How To Protect Your Dog’s Paws In Winter
This post is written by our holistic veterinarian at "I and love and you", Dr. Angie Krause, DVM, CVA, CCRT.
If you live in a part of the country that experiences snow and ice, you will want to make sure that you are prepared to protect your dog’s paws this winter. If your dog likes to stay active during winter months, loves to play in the snow, or is game for a walk no matter what the temperature, it’s important to know how to protect their paws. There are two major dangers; cold temperatures and ice melting products present on the roads, driveways, and sidewalks.
Staying Warm: Protecting Dog’s Paws in Winter
The measures needed to keep your dog’s feet warm depends on the size, breed, and hair coat of your dog. For example, a Husky will need very little intervention compared to a 3 pound Chihuahua. The other factor to consider is how long your pup will be exposed to ice, snow or very cold temperatures. If they are headed out for a quick potty break, they will be fine to go barefoot. If you want to take your dog out for a walk, using boots can help make the walk more comfortable, and will keep their paws warm and dry. There are a lot of boots on the market, and you may need to try a few different brands and fits before finding the one your pup likes best. Again, if you have a Northern dog breed like an Akita or Alaskan Malamute, don’t insult them with boots for a 20 minute walk. They were designed for the snow!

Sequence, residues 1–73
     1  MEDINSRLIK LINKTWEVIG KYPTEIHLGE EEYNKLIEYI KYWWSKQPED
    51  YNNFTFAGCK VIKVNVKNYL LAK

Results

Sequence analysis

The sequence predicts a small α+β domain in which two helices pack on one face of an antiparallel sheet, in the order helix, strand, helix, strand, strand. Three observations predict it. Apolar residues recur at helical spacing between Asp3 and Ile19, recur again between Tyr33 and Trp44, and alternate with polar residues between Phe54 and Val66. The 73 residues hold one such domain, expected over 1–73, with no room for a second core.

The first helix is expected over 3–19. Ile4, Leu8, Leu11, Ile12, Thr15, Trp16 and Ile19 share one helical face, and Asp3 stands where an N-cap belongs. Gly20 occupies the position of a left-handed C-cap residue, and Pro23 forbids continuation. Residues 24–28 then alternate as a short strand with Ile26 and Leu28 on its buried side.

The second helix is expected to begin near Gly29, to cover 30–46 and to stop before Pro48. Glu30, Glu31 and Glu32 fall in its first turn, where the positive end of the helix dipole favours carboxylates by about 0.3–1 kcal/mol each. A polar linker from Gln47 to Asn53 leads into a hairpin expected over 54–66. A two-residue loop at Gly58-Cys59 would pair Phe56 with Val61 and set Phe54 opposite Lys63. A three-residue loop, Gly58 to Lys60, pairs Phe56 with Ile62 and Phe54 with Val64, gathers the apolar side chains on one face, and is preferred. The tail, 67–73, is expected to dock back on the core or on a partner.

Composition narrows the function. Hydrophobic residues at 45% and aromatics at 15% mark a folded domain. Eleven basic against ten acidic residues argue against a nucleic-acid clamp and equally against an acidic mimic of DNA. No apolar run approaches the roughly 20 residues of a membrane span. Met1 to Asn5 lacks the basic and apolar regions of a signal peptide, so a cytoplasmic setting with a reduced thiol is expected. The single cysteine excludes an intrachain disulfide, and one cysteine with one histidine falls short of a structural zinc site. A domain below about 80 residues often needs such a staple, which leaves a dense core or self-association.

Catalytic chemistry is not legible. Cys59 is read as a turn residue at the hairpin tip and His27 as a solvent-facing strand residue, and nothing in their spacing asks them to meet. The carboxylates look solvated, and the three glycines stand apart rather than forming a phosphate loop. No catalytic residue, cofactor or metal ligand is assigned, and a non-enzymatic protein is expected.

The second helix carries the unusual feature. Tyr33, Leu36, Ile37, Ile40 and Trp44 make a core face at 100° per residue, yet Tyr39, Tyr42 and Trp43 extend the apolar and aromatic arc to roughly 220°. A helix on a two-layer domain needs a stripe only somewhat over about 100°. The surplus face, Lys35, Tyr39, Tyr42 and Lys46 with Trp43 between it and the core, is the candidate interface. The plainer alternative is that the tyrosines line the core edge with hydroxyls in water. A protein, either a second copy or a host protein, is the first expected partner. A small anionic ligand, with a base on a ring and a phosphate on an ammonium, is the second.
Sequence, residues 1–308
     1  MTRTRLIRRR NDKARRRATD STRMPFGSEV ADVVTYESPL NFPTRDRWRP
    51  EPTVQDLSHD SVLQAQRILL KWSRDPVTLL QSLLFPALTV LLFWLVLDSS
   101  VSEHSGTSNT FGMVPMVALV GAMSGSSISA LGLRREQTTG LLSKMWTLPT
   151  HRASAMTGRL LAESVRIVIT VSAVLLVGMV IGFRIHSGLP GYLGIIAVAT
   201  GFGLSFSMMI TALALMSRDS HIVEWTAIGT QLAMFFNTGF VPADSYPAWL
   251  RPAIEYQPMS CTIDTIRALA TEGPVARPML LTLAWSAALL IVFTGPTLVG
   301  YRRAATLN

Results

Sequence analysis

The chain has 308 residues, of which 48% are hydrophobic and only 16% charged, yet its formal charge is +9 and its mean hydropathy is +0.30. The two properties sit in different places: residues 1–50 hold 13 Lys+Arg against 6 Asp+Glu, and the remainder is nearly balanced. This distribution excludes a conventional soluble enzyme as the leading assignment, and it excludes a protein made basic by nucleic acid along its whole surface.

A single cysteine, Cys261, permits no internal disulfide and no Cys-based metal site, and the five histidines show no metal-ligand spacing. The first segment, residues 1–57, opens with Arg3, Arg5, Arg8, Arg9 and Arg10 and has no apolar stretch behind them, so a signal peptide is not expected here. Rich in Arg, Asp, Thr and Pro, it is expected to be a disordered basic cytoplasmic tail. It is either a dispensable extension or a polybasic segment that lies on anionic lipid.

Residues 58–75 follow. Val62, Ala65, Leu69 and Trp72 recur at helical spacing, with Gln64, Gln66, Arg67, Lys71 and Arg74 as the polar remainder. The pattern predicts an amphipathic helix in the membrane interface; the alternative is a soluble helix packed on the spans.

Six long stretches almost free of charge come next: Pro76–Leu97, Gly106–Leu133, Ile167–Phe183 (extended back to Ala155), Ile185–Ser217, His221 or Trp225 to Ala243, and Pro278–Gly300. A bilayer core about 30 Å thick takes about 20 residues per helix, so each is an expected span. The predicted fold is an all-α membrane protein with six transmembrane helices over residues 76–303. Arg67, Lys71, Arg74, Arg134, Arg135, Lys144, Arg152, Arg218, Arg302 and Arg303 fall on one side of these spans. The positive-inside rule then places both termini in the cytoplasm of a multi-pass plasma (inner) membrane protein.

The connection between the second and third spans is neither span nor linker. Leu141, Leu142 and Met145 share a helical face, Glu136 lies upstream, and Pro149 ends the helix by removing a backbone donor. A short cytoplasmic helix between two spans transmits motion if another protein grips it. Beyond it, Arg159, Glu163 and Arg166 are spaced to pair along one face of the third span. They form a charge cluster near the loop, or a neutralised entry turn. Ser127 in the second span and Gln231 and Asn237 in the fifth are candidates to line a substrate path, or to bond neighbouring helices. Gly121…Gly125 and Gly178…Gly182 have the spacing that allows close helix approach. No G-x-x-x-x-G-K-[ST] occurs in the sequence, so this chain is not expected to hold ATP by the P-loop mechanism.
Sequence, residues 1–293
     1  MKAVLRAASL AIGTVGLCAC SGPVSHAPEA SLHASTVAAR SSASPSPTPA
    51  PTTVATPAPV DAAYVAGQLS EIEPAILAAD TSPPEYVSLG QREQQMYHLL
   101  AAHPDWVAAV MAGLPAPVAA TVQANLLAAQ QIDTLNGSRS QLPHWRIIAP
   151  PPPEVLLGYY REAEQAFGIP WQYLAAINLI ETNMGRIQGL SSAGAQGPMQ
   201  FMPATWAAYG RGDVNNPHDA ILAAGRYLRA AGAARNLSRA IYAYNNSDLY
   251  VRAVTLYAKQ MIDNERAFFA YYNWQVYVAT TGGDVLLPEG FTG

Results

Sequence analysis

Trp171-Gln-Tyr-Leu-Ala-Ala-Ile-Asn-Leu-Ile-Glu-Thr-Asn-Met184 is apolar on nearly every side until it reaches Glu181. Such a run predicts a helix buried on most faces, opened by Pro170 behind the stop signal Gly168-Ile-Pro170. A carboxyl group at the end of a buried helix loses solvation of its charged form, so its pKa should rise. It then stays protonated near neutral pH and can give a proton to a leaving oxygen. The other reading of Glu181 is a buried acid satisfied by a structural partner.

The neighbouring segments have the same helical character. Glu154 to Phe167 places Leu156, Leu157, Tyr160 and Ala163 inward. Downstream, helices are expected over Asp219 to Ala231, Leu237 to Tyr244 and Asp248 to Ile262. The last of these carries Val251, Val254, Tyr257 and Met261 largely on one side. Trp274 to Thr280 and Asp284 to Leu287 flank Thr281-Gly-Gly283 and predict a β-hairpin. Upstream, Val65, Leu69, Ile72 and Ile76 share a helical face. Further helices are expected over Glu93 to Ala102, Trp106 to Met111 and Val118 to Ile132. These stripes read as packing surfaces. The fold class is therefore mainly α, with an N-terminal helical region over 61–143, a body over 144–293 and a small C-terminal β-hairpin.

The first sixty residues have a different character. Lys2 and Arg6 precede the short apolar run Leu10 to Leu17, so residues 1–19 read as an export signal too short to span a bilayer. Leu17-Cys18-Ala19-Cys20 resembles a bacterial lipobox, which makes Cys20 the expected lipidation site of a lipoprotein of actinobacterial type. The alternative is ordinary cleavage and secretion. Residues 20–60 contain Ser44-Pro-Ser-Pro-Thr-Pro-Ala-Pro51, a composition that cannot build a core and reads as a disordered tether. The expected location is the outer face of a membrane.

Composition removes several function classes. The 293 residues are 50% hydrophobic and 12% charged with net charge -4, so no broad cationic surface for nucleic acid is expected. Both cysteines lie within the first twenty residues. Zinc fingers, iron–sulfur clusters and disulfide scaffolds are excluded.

Consider letting your dog wear their boots before the first snow or ice storm of the season. Some dogs struggle to move with the boots initially, as they don’t know exactly where their feet are in space. Check out this video for a funny preview.
Toxic Ice Melts: What Salt Does to Dog’s Paws
Ice melts, (think salt during the winter) are an efficient way to make steps, sidewalks, and streets safe for travel. However, certain ice melts can wreak havoc on our dog’s paws. The most toxic, and most effective, ice melt formulations contain calcium salts. These can cause severe ulceration on your dog’s paw pads and surrounding skin. The less toxic formulations that are labeled ‘pet friendly’ contain urea. These can also be irritating, but generally less so.
If you are taking your dog on a walk after an ice or snow storm, consider using boots to protect their paws from the salts. Alternatively, if your dog has come in contact with ice melt formulas, rinsing their feet will help reduce the irritation significantly.
If your dog ingests ice melt directly (before it’s been applied to ice), call your veterinarian or Pet Poison Helpline for further instruction.
If you have any questions, I would love to hear from you! Simply leave a comment below!